Corsair One Elite review

Stunning, small and near-silent, the Corsair One Elite is a superb system

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Here’s how the Corsair One Elite performed in our suite of benchmark tests

3DMark: Sky Diver: 49,733; Fire Strike: 22,596; Time Spy: 9,272
Cinebench CPU: 1,392; Graphics: 143.29fps
GeekBench: 5,365 (single-core); 23,290 (multi-core)
PCMark 8 (Home Test): 5,524
Total War: Warhammer: 315.3fps; (1080p, Low); 134.3fps (1080p, Ultra)
Middle Earth: Shadow of War:
96/183fps; (1080p, Low): 23/120fps (1080p, Ultra)

The Corsair One Elite delivers gaming pace with a GeForce GTX 1080 Ti card. It’s one of Nvidia’s most powerful consumer chips, with a mighty 11GB of GDDR5X memory, 3,584 stream processors and a stock speed of 1,480MHz that improves to 1,645MHz and beyond with GPU Boost.

The Corsair One Elite will run any current game at 1080p beyond 100fps, and its benchmark scores outstripped both rivals. Its 3D Mark Time Spy result of 9,272 is thousands of points ahead of both MSI and Asus’ machines.

That advantage translates to gaming performance. In the Deus Ex Ultra benchmark the Corsair One Elite ran at 98fps – the other two machines couldn’t even manage a playable framerate.

The Corsair One Elite will handle gaming at 4K, too. At 3,840 x 2,160 it averaged 44fps, and steamed beyond 60fps in Battlefield 1 and Witcher 3. That bodes well for 4K screens, of course, but it also means that the Corsair will run VR headsets and intensive graphical applications.

Processing power has taken a massive leap in this generation of Corsair desktop. Last year’s quad-core chip has been replaced with a six-core i7-8700K, which can handle twelve concurrent threads and arrives with the architectural improvements of Intel Coffee Lake.

The two extra cores mean that the Corsair One Elite will be an even better performer in complex productivity applications and when multi-tasking, which is why the One is marketed at creatives as well as gamers. And, despite the extra cores, clock speeds haven’t suffered: the i7-8700K’s base speed of 3.7GHz is a little below last year’s chips, but the new part has single- and multi- core Turbo speeds of 4.7GHz and 4.3GHz – better than the older parts.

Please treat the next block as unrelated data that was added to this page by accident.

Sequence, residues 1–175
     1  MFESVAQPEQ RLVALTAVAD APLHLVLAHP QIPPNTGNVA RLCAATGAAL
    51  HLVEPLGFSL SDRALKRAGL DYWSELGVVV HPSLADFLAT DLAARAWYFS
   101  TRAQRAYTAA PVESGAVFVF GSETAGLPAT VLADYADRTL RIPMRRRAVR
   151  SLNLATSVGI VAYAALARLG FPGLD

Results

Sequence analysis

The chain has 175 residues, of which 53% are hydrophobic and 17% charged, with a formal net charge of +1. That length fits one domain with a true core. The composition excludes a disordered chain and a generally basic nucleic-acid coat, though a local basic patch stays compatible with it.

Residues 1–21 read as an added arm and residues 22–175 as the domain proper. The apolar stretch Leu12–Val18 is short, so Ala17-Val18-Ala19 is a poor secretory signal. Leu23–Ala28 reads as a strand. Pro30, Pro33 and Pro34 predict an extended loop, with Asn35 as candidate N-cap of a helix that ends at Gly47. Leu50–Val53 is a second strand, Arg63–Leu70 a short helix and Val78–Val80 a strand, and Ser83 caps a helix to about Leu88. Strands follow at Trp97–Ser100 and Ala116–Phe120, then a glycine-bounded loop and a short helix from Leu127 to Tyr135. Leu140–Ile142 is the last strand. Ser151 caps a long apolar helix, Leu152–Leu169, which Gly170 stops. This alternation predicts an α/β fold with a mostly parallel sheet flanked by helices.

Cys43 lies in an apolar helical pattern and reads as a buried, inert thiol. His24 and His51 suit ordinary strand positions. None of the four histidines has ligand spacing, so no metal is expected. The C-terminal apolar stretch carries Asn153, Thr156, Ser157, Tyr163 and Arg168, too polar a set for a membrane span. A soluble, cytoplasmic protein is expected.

Elsewhere, the Corsair One Elite has 32GB of memory – overkill for everyone except for those running high-end productivity tools. There’s a Samsung PM961 SSD that uses NVMe for extra pace, and a 2TB hard disk.

The Coffee Lake silicon romped through the Geekbench single- and multi-core tests with results of 5,365 and 23,290. The former score is a little better than the older Core i7 chips in the MSI and Asus machines – no surprise when clock speeds have remained static. However, the Corsair’s multi-threaded result is almost 7,000 points better than the MSI.

That’s a huge gap, and it proves that the Corsair will be far more adept with complex multi-tasking and tough apps that creative and high-end productivity jobs require. If you need more evidence, just look at Cinebench: the two rival rigs scored around 850cb – but the Corsair’s six-core CPU scored 1,392cb.

The Corsair One Elite is a stonking bit of kit and, impressively, it remained near-silent in every scenario. The system can barely be heard when it’s idling, and during a gaming test the fan speed only rose a little – we had to put our ears to the case to hear it at all. If you’ve got speakers or a headset, you won’t know that the Corsair’s there.

The noise level barely altered during a full-system stress-test. The graphics card ran at nearly 1,900MHz in every scenario, and the CPU ran at 4.5GHz in a gaming test and 4.3GHz in the system-wide test.

During our most demanding benchmarks the CPU peaked at a reasonable 87° C and the GPU topped out at 59°C – both fine figures.

We liked

We’ve never seen a system that offers this much power inside a chassis that’s so small and quiet.

The updated Coffee Lake processor delivers a huge boost to multi-tasking, and the GTX 1080 Ti will handle any gaming task. It makes the Corsair an all-rounder that can handle 4K and VR gaming alongside almost all creative and productivity applications.

The stellar design means that the Corsair is quieter than almost every rival in every situation – so whether you’re working or playing, you won’t notice its presence. It looks the part, too, and has a good selection of ports alongside loads of memory and storage space.

We disliked

The downside of the Corsair’s design is an extreme lack of space. There’s no upgrade room, and all of the main components are difficult to reach.

That won’t bother most people, but it’s worth looking elsewhere if you like to tinker. Conventional mini-ITX rigs and larger tower machines will offer more internal versatility.

The price, too, won’t be for everyone. The Corsair is quiet and powerful, but it’s also hundreds of pounds or dollars more than more conventional systems that have similar components. If budget is a concern, the Corsair One Elite is not for you.

Final verdict

If you do want a premium product that ticks multiple boxes, though, then few PCs are better than the Corsair One Elite. 

The Coffee Lake processor and Nvidia graphics deliver genuine, top-tier power that’ll handle almost any task, and the superb design ensures that this rig stays cool and quiet despite its tiny size. 

The Corsair One Elite is pricier than most rivals, but it easily earns its Elite label.

Mike has worked as a technology journalist for more than a decade and has written for most of the UK’s big technology titles alongside numerous global outlets. He loves PCs, laptops and any new hardware, and covers everything from the latest business trends to high-end gaming gear.